Just for the love of god, don't write code like this. Pointless pass-by-reference and global in the same function is too many sins at once. Pass-by-reference has its uses, but you hardly ever need it. It's mostly a performance tweak for things like shuffle(&$array). Don't overuse it! –  deceze Jan 1 '12 at 14:54
    
Nicely expressed deceze: you've managed to translate into English what I was struggling to say –  Mark Baker Jan 2 '12 at 11:20
f($var ="a_");

does not pass $var as an argument to f(), but passes the result of that assignment to f()... This is an unassigned string value equal to the string that you have assigned tp $var (assuming that the assignment was successful), but isn't a reference to $var itself. That's why $var is assigned, but isn't changed by f()

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This question confuses me.

So this is your initial code:

<?php
function f(& $var){
    $var = rand();
    return $var;
}
echo f($var ="a_").'<br/>'; /* outpu a random number */
echo $var.'<br/>'; /*but don't change global variables, it still is "1<br/>", no the same like up line */
echo f($var).'<br/>'; /* outpu a random number */
echo $var.'<br/>'; /* haved change, the same like up line */
?>

In your function it doesn't matter what I pass to it, because the second line $var = rand(); is ALWAYS going to overwrite whatever value you pass to the function.

So if I did f("jordanmoore"); after the first line this would no longer be "jordanmoore," rather it would be a random value.

Next is this line: echo f($var ="a_").'<br/>'; /* outpu a random number */

I'm not sure why you are trying to set $var here. If you want to pass "a_" to the function then just call f("a_");. But I'm not sure why you're passing anything to the function when the value is always overwritten. If you want the format to be "a_somerandomnumber" then perhaps echo "a_".f(null); would be better to use?

I'm going to hesitate a guess here and rewrite your function to the following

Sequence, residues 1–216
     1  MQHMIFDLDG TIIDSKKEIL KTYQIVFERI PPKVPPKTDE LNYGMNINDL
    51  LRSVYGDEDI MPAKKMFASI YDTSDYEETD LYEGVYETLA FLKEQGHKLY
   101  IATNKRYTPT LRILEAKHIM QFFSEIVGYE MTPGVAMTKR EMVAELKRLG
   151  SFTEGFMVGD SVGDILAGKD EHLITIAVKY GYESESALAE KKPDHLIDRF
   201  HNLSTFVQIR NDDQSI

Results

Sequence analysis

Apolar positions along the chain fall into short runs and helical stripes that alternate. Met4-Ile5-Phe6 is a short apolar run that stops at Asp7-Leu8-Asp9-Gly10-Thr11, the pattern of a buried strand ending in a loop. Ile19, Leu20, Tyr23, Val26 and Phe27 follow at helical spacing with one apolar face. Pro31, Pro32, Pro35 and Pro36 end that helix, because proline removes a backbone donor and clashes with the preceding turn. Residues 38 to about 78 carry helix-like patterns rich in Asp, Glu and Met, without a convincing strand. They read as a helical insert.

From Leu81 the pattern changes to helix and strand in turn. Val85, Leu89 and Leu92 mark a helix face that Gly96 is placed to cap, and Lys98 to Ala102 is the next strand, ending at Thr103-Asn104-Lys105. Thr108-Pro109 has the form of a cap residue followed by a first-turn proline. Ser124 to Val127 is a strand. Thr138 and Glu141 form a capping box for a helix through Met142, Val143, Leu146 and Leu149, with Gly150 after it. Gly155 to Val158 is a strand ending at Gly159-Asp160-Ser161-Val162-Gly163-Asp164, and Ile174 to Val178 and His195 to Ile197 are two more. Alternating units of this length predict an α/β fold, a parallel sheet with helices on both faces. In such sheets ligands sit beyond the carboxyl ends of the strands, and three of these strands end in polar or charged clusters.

<?php
function f(& $var=null){
    $var = rand();
    return $var;
}
?>

Then you may use it like so:

<?php
function f(& $var=null){
    $var = rand();
    return $var;
}

echo f(); //output a random number
echo "a_".f(); //out put a_ with a random number after the underscore
$myRandomVariable = f(); //put a random number in a variable
echo $myRandomVariable; //echo this variable
echo "a_".$myRandomVariable; //echo this variable after a_
echo "a_$myRandomVariable"; //same as above
?>

Hope this helps.

edit

You can also then do:

<?php
function f(& $var=null){
    $var = rand();
    return $var;
}
$myValue = 0;
f($myValue); //store a random number in "$myValue"
echo $myValue; //echo the random number
?>
share|improve this answer
    
i can write a economic code,but i don't understand how they do : f($var = 'e') and function f(& $var) –  qidizi Jan 1 '12 at 14:25
    
I don't understand what you're trying to do with f($var = 'e') because this is a statement. $var = 'e' will execute first and then your line of code turns in to f(true); because it completed successfully. In the other line function f(& $var); the ampersand character & is being used so that $var can be written to instead of just being read. The edit part of my answer demonstrates what the & part of function f(& $var); does. –  user873578 Jan 1 '12 at 14:31
2  
FYI: $var = 'e' evaluates to 'e', not true. –  deceze Jan 1 '12 at 14:34